Howmore is a gem of a place, one of the highlights of any visit to South Uist. One of its most important attractions is also one of its least obvious. Two hundred yards north of the road, and a little north-east of the crofters' hostel are a series of ruined churches and chapels that once made this a highly significant ecclesiastical site.
The ruins lie on ground that lies slightly above the surrounding area, and in early times this would probably have been a virtual island, surrounded by marshland. If you take a direct line from the road to the ruins, rather than going via the hostel, it soon becomes clear that some of the marsh remains.
Working out where one building ends and another starts is difficult. Further confusion is added by the presence of a stone wall that surrounds part of the area, doubtless constructed of stone that came from one or other of the earlier buildings. This defines a sparsely occupied graveyard that occupies much of the area of the complex. Disentangling the picture is made more difficult by the presence of two walled burial enclosures in the graveyard.
One fairly complete structure lies totally outside the walled area. This is the Caibeal Dubhghaill, Dougall's Chapel, measuring just 5.2m by 3.5m. More striking is the large gable containing two windows that lies to your left as you go through the gate in the wall. This was once the east gable of the Teampull Mor, also know as St Mary's or the Large Church. The church measured some 20m by 8m and extended in the direction of the hostel from its still standing gable.
The gable that stands in the centre of the walled area was once the east (or far) end of the Caibeal Dhairmaid, St Dermot's Chapel. This was some 5.7m in width, but was of unknown length. It was certainly the second largest building in the complex and is the reason why there are often said to have been two churches and three chapels at Howmore.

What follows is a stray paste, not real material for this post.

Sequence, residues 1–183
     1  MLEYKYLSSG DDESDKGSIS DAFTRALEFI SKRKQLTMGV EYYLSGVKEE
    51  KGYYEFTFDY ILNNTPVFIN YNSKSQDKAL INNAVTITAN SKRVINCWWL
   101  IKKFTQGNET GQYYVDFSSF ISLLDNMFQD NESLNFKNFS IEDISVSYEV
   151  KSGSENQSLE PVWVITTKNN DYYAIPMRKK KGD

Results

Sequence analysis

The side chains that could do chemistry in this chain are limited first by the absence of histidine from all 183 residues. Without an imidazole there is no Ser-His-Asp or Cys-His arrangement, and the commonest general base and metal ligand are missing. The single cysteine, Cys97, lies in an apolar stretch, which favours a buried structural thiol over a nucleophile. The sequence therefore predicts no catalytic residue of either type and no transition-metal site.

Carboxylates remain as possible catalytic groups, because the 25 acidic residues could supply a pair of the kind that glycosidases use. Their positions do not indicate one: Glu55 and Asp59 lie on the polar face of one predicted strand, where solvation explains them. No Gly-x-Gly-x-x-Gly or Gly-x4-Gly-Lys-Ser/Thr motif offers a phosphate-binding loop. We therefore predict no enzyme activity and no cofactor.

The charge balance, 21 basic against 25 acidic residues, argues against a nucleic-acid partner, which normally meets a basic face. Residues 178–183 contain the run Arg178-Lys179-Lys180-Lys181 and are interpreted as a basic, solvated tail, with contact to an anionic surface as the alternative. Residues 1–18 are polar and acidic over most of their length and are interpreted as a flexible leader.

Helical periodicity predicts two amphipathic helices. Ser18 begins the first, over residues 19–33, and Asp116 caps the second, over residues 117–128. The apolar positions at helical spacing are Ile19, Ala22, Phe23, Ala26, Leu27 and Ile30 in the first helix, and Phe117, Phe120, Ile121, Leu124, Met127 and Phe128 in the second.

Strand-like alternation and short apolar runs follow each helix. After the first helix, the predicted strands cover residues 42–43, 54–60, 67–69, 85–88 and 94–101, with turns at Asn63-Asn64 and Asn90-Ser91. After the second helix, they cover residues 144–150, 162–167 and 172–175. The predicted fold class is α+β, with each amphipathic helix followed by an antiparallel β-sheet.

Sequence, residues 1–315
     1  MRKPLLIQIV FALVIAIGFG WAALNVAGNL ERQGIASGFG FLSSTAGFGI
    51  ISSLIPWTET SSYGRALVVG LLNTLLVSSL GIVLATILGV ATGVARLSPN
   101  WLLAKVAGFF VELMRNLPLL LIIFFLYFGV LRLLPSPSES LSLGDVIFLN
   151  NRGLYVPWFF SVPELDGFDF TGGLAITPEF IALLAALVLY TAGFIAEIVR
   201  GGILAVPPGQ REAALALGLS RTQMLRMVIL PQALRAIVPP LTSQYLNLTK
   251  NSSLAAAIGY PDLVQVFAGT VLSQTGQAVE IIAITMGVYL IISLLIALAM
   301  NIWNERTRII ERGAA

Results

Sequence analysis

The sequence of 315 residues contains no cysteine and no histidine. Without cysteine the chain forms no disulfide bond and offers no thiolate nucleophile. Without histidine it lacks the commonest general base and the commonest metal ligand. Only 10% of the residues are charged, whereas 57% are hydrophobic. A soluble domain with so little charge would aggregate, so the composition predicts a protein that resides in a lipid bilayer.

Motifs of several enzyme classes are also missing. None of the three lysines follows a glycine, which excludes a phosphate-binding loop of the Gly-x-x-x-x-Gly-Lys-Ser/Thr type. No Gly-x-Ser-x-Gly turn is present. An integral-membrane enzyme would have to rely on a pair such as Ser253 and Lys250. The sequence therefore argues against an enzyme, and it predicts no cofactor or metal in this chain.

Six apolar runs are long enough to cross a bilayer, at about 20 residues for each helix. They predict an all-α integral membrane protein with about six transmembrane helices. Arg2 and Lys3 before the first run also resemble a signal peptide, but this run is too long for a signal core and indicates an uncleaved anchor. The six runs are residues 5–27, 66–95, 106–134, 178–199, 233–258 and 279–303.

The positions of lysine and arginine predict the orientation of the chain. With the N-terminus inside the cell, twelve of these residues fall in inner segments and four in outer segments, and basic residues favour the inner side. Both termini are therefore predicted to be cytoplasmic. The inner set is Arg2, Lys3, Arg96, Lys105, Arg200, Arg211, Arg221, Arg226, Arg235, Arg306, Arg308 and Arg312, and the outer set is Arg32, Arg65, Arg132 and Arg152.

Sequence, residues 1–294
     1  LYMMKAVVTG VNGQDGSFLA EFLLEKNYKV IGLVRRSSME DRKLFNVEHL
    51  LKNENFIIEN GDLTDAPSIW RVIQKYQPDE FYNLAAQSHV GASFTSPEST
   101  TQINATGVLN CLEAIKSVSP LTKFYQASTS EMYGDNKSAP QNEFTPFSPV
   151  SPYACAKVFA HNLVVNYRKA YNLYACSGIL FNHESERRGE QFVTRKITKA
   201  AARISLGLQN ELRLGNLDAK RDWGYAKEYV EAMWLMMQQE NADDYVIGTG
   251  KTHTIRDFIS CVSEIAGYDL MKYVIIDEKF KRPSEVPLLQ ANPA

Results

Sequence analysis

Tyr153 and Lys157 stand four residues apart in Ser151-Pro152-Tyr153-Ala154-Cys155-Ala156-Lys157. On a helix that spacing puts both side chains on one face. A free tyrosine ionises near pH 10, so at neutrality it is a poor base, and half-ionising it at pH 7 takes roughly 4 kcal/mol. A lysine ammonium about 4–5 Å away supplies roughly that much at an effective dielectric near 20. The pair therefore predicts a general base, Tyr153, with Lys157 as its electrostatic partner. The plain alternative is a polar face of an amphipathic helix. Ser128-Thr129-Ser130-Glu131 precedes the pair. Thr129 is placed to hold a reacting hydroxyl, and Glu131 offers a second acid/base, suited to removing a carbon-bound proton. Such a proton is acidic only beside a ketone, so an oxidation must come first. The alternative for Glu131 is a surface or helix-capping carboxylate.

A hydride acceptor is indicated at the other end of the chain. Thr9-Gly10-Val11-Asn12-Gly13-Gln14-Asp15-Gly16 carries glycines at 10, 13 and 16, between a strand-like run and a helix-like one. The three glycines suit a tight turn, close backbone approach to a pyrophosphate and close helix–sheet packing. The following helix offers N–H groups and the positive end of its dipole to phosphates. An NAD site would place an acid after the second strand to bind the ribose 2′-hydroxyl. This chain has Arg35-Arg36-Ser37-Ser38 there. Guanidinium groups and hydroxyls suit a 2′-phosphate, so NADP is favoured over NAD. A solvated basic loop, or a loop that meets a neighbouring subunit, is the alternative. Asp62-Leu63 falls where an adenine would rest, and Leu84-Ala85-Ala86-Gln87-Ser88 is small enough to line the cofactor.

The remaining two chapels stood at the upper, north-east, corner of the walled area. One was demolished in 1866, but the walls of the other, the Caibeal Chlann 'ic Ailein, Clan Ranald's Chapel, still stand. Clan Ranald's Chapel probably dates back to 1574. Dates for the other buildings are unknown, though Teampull Mor may have origins as early as the 1200s. Until it was stolen in 1990, Clan Ranald's Chapel was home to the Clan Ranald Stone. After the stone was recovered in London five years later, it was put on display in the nearby Kildonan Museum.
From the evidence of the gravestones on display, the Teampull Mor complex was never hugely in demand as a last resting place. What seems to be the most recent grave is also the most poignant. Outside the walled area and a little way back towards the road is a simple wooden enclosure. Within it lies a military headstone commemorating "A Sailor of the Great War - Royal Navy".